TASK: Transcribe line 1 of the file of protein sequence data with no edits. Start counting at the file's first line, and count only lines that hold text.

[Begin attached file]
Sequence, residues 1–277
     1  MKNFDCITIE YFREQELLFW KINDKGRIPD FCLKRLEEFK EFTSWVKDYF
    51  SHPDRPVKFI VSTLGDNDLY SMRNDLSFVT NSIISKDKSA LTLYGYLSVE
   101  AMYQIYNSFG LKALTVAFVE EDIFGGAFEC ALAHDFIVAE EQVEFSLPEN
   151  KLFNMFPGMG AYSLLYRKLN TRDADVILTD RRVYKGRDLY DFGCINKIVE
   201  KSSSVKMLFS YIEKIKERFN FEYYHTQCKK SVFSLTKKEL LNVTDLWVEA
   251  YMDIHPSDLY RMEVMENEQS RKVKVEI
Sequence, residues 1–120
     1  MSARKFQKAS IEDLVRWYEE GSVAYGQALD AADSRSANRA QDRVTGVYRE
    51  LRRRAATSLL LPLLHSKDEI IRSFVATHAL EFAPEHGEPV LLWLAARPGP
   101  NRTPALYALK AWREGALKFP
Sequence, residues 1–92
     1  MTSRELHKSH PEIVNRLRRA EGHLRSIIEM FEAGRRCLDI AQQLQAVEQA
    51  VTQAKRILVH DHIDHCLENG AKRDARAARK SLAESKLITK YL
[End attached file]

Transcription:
Sequence, residues 1–277